epidermal barrier; ultraviolet B; suberythemal dose; covalently bound ceramides; calcium gradient; vitamin D3
Postherpetic neuralgia (PHN) is a common complication of herpes zoster that is frequently unresponsive to most of the available treatment modalities. Broad band ultraviolet B radiation (UVB) has a well-known anti-inflammatory effect. Moreover, it decreases neural damage and cutaneous nerve density. It was found that broad band UVB might have a role in the prevention and treatment of PHN.
This study was carried out to evaluate the effect ofnarrow band UVB (nbUVB) in the treatment PHN.
Patients and Methods:
The study included 17 patients with distressing post herpetic neuralgia. Patients were evaluated using the Verbal Rating Scale (VRS). The patients received nbUVB sessions, three times a week, for a total of 15 sessions or until the pain disappeared. Patients were followed up for a period of 3 months after the end of therapy.
Using intention to treat analysis, more than 50% improvement was achieved in 6 (35.29%) and 8 (47.06%) patients, at the end of therapy and after 3 months follow up, respectively. An improvement less that 50% was achieved in 11 (64.71%) and 9 (52.94%) patients, at the end of therapy and after 3 months follow up, respectively. The pain severity assessed by the VRS significantly improved both at the end of sessions (P = 0.005) and after 3 months follow up (P = 0.005).
nbUVB may be of beneficial use in the treatment of PHN.
Small number of patients and limited follow-up period.
Postherpetic neuralgia; narrow band ultraviolet B; neuropathic pain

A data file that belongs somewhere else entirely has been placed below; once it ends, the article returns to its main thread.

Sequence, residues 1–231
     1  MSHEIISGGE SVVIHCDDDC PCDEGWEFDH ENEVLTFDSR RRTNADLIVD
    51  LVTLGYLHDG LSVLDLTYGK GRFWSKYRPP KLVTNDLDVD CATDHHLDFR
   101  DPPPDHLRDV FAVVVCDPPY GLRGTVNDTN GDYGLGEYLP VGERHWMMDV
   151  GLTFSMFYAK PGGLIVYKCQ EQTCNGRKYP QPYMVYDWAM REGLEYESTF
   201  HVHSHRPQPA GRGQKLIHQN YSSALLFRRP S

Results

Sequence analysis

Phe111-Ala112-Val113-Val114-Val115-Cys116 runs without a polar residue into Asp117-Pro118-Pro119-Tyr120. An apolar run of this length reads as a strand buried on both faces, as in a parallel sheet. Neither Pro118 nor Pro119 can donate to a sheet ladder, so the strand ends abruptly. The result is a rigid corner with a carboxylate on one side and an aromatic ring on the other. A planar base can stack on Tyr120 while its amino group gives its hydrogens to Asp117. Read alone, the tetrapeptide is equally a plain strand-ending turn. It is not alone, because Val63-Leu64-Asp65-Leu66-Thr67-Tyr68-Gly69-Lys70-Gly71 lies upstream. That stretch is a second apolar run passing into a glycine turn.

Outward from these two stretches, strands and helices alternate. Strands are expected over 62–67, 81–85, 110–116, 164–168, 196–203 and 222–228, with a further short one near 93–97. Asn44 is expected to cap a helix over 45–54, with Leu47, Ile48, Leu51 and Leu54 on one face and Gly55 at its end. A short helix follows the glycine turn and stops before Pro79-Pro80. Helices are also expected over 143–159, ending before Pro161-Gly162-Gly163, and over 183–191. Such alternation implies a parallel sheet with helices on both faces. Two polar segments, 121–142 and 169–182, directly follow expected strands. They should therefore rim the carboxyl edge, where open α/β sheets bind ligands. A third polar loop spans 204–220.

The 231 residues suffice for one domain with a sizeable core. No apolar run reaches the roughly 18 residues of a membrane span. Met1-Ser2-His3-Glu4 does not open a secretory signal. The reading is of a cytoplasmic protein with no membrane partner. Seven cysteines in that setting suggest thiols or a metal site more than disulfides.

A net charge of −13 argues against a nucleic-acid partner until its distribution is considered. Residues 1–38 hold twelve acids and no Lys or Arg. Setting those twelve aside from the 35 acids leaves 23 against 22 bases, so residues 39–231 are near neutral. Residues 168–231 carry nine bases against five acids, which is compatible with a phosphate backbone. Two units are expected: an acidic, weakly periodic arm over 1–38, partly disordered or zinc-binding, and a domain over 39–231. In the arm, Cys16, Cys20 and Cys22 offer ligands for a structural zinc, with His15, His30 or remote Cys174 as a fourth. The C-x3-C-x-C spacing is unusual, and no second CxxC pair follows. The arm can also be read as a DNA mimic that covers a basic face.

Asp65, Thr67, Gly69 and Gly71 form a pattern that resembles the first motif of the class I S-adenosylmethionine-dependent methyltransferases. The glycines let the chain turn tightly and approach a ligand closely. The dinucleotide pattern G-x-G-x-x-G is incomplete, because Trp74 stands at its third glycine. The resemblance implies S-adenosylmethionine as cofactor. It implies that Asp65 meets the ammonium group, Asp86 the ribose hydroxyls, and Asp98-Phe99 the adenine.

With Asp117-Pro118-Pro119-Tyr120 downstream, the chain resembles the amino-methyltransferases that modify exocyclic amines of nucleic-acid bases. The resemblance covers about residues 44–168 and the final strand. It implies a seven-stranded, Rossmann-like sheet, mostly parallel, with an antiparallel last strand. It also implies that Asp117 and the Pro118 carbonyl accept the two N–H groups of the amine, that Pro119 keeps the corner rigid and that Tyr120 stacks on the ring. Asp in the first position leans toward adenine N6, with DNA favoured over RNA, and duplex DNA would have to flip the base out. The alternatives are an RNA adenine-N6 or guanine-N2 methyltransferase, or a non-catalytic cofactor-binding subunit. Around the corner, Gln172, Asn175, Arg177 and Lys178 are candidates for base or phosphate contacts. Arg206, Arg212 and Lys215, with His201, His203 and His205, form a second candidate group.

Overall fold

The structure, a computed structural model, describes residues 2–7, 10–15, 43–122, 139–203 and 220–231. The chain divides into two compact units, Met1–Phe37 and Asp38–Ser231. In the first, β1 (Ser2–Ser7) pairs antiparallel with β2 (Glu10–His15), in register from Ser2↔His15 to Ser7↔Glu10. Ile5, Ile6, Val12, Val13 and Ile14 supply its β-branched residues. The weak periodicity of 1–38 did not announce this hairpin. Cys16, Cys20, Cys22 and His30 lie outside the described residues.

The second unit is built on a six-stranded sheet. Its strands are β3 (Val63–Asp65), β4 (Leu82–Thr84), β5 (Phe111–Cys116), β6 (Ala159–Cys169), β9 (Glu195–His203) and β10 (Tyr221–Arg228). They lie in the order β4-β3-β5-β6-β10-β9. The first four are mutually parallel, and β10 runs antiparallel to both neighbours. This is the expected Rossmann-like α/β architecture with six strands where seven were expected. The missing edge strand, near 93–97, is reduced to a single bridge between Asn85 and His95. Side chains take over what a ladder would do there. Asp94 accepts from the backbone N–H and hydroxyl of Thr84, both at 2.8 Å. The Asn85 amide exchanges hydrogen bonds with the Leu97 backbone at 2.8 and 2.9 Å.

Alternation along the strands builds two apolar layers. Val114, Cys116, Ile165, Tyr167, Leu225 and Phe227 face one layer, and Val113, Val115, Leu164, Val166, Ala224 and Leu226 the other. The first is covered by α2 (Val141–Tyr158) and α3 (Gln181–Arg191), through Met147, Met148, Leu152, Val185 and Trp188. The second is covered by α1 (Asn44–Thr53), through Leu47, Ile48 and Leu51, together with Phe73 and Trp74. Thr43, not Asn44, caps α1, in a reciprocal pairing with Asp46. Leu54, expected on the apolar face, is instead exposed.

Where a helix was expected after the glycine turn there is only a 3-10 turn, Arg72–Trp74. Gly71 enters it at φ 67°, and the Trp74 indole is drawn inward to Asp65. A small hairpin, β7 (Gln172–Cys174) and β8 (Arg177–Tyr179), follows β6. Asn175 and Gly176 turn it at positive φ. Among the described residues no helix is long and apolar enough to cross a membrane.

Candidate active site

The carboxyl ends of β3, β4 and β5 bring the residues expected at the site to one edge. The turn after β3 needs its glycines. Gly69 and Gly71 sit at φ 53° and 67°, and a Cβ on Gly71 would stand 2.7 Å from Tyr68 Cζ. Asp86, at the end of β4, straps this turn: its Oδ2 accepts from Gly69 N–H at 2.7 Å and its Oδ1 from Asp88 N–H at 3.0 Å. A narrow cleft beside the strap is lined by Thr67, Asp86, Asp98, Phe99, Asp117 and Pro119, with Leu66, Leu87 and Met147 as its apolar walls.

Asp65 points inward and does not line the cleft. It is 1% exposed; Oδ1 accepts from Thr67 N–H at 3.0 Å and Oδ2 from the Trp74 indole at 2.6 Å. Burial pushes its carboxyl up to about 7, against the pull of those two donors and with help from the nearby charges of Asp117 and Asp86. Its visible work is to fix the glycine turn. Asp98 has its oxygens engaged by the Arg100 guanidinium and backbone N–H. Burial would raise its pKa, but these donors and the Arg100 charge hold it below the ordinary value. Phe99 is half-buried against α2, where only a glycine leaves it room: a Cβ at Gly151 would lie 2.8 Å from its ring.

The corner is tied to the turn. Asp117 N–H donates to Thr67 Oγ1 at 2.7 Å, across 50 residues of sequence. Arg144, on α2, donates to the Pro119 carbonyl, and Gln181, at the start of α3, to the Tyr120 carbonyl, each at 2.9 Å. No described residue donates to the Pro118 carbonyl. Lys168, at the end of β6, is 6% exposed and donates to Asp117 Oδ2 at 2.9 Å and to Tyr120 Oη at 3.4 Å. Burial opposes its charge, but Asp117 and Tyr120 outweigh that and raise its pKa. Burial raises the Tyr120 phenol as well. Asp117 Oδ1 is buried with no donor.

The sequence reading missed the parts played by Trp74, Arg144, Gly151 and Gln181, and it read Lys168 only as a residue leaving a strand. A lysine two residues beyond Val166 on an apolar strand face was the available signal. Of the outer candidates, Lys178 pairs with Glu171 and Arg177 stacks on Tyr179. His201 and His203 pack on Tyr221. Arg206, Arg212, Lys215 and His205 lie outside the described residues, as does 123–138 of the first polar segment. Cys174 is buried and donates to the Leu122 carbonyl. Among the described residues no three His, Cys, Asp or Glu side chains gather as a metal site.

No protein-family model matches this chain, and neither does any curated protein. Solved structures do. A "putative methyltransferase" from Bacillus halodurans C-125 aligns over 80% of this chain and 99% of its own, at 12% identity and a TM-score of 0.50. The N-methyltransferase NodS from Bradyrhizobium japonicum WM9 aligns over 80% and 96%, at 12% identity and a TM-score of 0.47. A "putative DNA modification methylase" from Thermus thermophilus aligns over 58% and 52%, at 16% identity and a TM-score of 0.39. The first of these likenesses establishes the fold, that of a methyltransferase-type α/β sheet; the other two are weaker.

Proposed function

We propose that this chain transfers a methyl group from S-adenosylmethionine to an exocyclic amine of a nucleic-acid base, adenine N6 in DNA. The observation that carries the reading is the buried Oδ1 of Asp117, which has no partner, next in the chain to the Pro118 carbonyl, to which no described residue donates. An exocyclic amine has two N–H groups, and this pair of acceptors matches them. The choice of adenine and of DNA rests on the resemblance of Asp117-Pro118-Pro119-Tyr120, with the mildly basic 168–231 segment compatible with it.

The aim of our study was to compare serum concentration of
IL-1β, IL-6, IL-8, IL-10, and TNF-α in 105
healthy volunteers before and after exposure to UVR: 25 subjects
(10 days of UVB), 55 (10 days of UVB or solar-simulated radiation,
followed by acute UVB dose), and 25 (local high dose of UVB). In
all the individuals blood samples were analyzed before and after
final irradiation by chemiluminescence assay. After 10 days of UVB
irradiation a statistically significant increase in serum
concentration only in IL-8 (P < .05) and strong tendency in
TNF-α (P = .05) were observed. The applied
schedules of irradiation have minor impact on serum cytokine level
and still a threshold dose of UVR causing systemic immune
impairment is unknown.
The aim of this study was to investigate high molecular weight hyaluronan (HMW-HA) protection on human corneal epithelial (HCE) cells against ultraviolet B (UVB) radiation-induced toxic effects.
The HCE cell line was incubated with HMW-HA or phosphate-buffered salt solution (PBS), rinsed, and exposed to UVB radiation. Cell viability, reactive oxygen species (ROS) and glutathione (GSH) levels, 8-hydroxy-2'-deoxyguanosine (8-oxo-dG) release, p53 phosphorylation, caspase-3, -8, -9 activation, and interleukin (IL)-6 and -8 production were assessed to evaluate and to compare UVB-induced toxicity between cells treated with HMW-HA and cells treated with PBS.